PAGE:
It Isn’t (Always) Easy Being Thankful

by Cynthia Caruso

Years ago I stood at the family room window looking at the buck staring back at me, the dawn light coming between the trees behind the buck.  I was numb from the news of the prior afternoon, that the lump on my husband’s neck was cancer. Terrified, I thought I was obeying Paul when I whispered the words, “Thank you for this cancer.” I thought we were to thank God for all things. So I did, although I did not mean it.

Jack died.  I entered a 15-year depression.  Life was hard on many levels.

Yesterday, however, I flipped through an old journal and read about one of my monthly visits to the rector of the church in Vermont, where I moved in an attempt to start a new life.  This priest was gentle and willing to listen to me, talk to me, and I always left his office full of joy.  We are still friends.  I would never have met him, never even have made an appointment with him, had my life taken the course I had planned for it.  It was something to be thankful for.

I thought about where I am, right now, at Seminary of the Southwest, and how I would not be here had Jack lived.  He would have been 82, and I would not have forced him to follow my dream.  I would have been caring for him more and more; but instead, I am studying to become a priest.  Another thing to be thankful for.

I thought about my spiritual life, how it deepened after Jack’s death, how it became contemplative and silent, how I learned to pray the rosary and meditate, how I experienced God directly in those silences.  Thank you.

I thought of my connection to two different dioceses after I left West Texas  — Vermont and Rio Grande, how that happened because I went on a journey looking for new life and a job, how people from both churches, both states, have become part of my Holy Family, and how I would never have gone to New England and then New Mexico if Jack and I were married still.  There is nothing to say for these people, except “thank you.”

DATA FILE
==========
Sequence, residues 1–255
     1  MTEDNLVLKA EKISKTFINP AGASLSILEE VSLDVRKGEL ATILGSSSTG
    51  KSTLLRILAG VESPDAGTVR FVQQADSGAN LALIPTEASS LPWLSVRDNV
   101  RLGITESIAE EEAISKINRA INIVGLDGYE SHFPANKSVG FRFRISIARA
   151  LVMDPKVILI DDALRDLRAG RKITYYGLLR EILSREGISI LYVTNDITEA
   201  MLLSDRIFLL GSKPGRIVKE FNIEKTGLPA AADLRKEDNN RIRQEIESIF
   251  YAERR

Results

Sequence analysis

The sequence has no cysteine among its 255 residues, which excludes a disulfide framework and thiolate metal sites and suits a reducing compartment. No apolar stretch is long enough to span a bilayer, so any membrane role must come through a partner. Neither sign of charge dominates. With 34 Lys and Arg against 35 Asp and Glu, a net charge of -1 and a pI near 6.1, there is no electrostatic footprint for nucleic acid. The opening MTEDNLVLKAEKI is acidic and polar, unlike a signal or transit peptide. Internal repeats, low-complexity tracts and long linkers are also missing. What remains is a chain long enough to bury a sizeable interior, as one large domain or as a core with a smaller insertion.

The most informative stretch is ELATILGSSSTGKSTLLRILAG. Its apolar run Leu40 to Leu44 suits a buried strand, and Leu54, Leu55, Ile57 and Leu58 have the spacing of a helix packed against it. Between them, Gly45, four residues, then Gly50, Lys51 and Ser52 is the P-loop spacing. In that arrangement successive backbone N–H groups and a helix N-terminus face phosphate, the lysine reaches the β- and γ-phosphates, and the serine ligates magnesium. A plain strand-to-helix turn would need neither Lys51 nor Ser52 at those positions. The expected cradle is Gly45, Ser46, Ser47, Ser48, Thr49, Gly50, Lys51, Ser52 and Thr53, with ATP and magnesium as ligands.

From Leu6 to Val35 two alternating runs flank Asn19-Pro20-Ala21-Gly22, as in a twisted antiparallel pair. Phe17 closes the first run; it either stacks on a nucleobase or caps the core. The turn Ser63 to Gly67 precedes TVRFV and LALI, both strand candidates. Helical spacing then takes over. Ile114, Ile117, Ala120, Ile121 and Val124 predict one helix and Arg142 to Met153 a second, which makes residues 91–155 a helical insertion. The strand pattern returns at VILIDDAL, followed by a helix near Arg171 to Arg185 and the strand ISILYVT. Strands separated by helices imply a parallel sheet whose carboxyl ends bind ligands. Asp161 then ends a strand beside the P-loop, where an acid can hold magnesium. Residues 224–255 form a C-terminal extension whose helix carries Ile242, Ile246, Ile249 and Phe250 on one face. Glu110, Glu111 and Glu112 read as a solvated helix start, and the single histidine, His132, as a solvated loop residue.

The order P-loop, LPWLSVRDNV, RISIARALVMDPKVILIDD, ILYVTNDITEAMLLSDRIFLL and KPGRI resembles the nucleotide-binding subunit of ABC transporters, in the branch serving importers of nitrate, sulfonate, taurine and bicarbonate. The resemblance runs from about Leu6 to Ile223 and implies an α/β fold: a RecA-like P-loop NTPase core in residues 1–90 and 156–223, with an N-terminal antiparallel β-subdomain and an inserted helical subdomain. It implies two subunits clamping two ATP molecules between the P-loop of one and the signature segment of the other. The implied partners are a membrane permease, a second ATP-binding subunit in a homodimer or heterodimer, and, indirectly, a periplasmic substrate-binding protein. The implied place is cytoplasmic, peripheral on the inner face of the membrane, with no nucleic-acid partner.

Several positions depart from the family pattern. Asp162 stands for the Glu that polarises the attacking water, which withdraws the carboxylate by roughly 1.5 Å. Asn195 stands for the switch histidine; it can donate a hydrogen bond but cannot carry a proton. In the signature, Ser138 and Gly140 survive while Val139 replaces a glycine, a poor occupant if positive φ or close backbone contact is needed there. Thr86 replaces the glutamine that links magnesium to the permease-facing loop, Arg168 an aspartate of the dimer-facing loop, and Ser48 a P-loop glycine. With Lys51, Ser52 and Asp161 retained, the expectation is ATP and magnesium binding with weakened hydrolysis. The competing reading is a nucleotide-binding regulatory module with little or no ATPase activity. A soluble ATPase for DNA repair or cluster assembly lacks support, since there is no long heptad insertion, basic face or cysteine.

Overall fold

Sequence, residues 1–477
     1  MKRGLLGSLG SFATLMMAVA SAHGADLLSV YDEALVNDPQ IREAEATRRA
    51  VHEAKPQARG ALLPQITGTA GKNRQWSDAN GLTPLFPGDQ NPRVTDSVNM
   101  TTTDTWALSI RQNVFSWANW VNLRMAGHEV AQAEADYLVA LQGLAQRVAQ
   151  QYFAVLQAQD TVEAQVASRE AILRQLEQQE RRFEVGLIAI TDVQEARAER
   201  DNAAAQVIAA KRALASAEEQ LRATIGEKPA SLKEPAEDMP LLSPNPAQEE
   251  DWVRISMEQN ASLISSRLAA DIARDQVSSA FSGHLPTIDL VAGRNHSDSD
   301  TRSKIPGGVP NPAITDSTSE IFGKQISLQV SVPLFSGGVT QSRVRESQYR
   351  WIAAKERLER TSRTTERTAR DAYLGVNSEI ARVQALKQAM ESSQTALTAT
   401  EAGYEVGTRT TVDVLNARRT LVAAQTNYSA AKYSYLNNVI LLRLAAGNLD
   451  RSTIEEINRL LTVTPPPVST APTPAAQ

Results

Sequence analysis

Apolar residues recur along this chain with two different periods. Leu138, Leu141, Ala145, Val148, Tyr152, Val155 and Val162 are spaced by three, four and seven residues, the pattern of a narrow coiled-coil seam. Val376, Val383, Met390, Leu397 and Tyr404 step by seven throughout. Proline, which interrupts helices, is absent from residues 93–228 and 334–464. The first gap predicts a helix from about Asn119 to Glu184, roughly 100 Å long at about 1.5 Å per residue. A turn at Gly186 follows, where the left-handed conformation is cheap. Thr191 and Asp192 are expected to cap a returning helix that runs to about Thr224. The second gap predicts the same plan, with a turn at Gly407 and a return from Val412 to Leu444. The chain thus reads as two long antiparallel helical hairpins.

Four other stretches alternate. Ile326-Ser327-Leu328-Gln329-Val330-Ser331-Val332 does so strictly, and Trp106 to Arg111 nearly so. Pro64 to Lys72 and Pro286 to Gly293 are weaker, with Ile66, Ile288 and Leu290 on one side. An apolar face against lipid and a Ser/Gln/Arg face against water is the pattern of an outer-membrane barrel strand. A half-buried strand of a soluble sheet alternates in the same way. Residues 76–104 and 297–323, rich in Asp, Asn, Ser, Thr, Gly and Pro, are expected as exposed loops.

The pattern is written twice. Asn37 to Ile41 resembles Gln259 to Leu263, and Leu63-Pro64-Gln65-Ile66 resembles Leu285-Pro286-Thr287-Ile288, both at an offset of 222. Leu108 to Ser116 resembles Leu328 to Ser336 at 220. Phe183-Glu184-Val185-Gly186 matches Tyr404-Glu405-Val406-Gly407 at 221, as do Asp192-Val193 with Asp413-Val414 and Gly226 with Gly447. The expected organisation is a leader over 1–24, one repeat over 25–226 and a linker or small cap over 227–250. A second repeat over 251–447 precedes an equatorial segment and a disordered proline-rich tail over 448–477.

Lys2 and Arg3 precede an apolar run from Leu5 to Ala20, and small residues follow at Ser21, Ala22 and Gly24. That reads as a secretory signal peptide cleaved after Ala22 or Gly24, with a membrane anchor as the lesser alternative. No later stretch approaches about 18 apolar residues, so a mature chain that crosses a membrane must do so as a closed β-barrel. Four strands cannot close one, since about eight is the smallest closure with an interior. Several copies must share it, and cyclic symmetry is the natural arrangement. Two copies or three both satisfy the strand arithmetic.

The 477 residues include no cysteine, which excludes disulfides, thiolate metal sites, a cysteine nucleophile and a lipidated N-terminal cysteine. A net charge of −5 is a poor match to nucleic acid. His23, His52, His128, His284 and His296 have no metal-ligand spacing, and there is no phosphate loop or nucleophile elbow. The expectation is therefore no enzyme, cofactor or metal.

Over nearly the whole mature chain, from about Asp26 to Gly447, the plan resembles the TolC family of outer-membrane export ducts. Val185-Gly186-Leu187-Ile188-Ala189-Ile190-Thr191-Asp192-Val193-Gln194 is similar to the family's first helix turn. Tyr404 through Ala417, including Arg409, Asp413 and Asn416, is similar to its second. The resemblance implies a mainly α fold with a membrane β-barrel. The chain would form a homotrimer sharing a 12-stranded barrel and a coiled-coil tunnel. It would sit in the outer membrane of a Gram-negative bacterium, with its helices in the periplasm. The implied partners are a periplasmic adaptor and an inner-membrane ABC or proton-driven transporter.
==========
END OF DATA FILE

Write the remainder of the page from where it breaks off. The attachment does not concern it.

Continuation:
Paul says to give thanks in all circumstances, not FOR all circumstances.  I never needed to say “thank you” to God for Jack’s cancer; but I cannot keep from thanking God for the gifts of people and opportunity that I received only because Jack did get cancer. 

Cynthia Caruso is a former member of St. Boniface in Comfort. She is currently a seminarian from the Diocese of Rio Grande at Seminary of the Southwest in Austin.

           

4 thoughts on “It Isn’t (Always) Easy Being Thankful”

  1. Cynthia,
    What a beautiful perspective you’ve been given! You know that I, too, echo your words. God remolds us in marvelous ways–and we can be so thankful for that.

    How about this for a title for your book: From Bluebonnets to New Bonnets?

  2. Cynthia, it is good when we can see how God is/has worked in our lives and be very, very thankful. I agree that I would not be where I am today with a life very full of many blessings, if it had not been for a divorce. God is Good!!

    1. Cynthia, this is a beautiful piece. Our pathways may not be easy, but if we are willing to look for them, there are wonderful gifts all along the way. Thank you for the reminder.

Comments are closed.